$1 Million prize offered for cracking an encryption algorithm

$1 Million prize offered for cracking an encryption algorithm

Summary: It's 2008, and companies perhaps rich on VC money to waste in a guerilla marketing tactic for generating viral buzz, still talk and act as the utopian "unbreakable encryption" algorithm is the panacea of security, or the "Hackers Hell: Privacy That Can't Be Compromised" as they pitch it.

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TOPICS: Security, Malware
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It's 2008, and companies perhaps rich on VC money to waste in a guerilla marketing tactic for generating viral buzz, still$1 Million prize offered for cracking an encryption algorithm talk and act as the utopian "unbreakable encryption" algorithm is the panacea of security, or the "Hackers Hell: Privacy That Can't Be Compromised" as they pitch it.

Permanent Privacy is one of these companies suffering from marketing myopia, and re-inventing the wheel by promotion what's already available on the market, unbreakable encryption if the algorithm is directly attacked, and the opportunity for obtaining the keys and passphrases through malware excluded. They are, whatsoever, offering $1m to those who manage crack their data encryption system :

"Permanent Privacy  announces the world's first practical data encryption system that is absolutely unbreakable. And is offering a $1,000,000 challenge to anyone who can crack it. Permanent Privacy (patent pending) has been verified by Peter Schweitzer, one of Harvard's top cryptanalysts, and for the inevitable cynics Permanent Privacy is offering $1,000,000 to anyone who can decipher a sample of ciphertext. Peter White, Managing Director of Permanent Privacy, said:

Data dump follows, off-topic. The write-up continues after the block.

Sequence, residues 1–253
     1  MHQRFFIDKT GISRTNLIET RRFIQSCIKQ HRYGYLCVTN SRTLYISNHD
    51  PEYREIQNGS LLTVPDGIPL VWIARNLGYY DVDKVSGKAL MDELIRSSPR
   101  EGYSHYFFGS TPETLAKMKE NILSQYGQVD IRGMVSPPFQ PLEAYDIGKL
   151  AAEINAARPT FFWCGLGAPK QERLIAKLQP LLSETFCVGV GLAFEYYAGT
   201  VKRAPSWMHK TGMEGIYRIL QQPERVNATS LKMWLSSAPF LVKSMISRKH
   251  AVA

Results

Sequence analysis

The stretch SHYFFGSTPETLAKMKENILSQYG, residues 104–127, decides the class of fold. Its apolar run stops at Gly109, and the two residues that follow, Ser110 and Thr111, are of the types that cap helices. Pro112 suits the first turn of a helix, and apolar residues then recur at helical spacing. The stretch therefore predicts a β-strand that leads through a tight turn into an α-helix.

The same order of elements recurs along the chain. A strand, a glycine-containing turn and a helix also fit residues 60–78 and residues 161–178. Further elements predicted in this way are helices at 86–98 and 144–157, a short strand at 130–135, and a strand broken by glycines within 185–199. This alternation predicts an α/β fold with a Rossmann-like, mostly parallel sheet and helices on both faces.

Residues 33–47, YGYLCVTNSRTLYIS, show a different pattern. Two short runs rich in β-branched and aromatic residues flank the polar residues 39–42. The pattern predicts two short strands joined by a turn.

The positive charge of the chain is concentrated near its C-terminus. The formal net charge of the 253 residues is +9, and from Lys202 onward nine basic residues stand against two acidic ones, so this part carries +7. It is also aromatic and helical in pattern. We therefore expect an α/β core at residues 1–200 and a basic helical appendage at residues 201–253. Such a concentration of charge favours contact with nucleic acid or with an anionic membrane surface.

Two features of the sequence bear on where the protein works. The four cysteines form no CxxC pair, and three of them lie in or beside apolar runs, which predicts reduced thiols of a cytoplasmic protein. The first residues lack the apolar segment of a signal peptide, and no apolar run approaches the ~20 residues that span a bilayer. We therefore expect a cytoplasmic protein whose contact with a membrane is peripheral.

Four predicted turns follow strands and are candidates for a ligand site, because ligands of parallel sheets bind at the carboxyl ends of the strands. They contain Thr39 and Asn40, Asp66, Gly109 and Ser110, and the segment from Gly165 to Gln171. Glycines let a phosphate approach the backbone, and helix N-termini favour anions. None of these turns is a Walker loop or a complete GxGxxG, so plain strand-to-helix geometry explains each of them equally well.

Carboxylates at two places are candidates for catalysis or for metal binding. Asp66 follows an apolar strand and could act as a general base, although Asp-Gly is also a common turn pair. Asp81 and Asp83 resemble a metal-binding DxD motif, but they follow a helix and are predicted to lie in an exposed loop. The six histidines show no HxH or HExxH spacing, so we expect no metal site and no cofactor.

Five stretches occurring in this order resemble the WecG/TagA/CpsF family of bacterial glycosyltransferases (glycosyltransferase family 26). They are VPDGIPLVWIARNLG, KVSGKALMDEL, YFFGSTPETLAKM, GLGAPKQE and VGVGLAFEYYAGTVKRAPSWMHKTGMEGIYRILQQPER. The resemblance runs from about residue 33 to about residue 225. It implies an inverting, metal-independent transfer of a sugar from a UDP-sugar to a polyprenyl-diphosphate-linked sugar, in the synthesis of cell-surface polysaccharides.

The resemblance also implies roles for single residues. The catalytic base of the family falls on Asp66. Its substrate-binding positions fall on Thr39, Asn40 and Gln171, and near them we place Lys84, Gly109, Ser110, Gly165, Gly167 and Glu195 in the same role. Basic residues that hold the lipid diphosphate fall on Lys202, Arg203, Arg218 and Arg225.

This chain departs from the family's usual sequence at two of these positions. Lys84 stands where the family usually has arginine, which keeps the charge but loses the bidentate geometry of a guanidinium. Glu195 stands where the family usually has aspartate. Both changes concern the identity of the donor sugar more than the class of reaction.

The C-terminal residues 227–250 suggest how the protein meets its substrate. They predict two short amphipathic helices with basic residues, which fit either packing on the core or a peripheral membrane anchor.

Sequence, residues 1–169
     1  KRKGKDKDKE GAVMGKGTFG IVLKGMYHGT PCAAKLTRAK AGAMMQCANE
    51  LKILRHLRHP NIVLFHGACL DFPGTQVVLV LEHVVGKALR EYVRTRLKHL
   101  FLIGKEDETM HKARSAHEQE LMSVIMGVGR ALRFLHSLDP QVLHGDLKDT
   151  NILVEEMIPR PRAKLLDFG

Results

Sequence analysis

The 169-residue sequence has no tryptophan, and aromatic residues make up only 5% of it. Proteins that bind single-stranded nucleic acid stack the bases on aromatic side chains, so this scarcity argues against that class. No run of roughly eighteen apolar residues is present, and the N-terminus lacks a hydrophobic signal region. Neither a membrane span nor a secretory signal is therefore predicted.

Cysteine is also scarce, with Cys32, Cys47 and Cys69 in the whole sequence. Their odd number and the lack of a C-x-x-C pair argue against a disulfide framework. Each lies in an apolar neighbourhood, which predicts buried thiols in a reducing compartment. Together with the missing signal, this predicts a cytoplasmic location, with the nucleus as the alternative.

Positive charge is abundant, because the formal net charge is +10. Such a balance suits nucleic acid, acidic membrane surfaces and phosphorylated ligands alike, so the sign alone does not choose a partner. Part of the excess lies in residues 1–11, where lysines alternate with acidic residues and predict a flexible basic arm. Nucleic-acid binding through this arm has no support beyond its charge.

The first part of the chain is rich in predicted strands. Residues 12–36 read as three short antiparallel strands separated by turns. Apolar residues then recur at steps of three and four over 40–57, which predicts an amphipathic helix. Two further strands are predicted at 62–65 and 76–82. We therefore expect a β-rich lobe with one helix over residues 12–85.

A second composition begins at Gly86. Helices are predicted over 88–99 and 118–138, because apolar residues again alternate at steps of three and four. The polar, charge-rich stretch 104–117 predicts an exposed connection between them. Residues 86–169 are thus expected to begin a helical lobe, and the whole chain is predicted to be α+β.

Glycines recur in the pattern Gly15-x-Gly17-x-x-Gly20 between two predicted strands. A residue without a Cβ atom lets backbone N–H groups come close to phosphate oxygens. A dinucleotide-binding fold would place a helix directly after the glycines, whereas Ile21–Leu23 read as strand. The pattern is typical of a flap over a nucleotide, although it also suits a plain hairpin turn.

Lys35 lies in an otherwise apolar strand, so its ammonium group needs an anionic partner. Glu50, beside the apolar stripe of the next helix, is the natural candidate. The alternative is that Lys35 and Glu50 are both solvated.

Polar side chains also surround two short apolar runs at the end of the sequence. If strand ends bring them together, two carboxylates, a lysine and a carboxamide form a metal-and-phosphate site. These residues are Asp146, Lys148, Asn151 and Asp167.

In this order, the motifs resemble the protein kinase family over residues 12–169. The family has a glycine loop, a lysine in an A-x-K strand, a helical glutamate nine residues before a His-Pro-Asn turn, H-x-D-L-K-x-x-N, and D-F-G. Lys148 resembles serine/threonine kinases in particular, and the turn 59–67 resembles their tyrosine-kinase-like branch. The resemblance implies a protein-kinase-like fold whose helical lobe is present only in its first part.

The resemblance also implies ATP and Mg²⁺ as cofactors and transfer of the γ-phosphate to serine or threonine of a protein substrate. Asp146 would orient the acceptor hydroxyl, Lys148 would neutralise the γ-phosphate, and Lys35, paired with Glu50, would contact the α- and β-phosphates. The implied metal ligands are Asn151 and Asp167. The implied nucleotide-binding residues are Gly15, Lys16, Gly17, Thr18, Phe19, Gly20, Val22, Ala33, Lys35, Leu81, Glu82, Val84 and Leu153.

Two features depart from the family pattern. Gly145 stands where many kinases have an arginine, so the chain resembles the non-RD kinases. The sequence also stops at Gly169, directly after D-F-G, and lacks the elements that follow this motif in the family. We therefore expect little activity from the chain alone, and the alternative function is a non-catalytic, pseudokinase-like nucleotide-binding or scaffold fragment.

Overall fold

"The world of cryptography shuns and disparages outsiders, but Permanent Privacy is the real thing. You can now send emails and store data with 100% security. Even the Pentagon can't read your secrets if they don't have the keys".

There's a business model in here, and not necessarily the brand with a mission like you'd want it to be.  For instance, in order to participate in the challenge, you'd have a purchase the tool for $39 - "Each licence bought will entitle one entry into the Million Dollar Challenge", and what follows is the best part. Even if you purchase it and encrypt a message, the person who wants to decrypt the message would also have the purchase the tool - "if your friend wants to decrypt something you've sent he/she will also need to purchase PP as well." Thinking for a second about the number of people with whom you exchange encrypted emails on a daily basis, and how they wouldn't be able to read them unless they too, purchase the tool, ruins my understanding of public key cryptography.

As far as the "unbreakable encryption" is concerned, it's already there. The GPcode authors use it, and probably you use it, which doesn't mean that you are no longer susceptible to malware and spyware attacks aiming to steal your secret keys and passphrase, since it would be virtually impossible, if not impractical to directly attack the encryption algorithm used. Cases in point :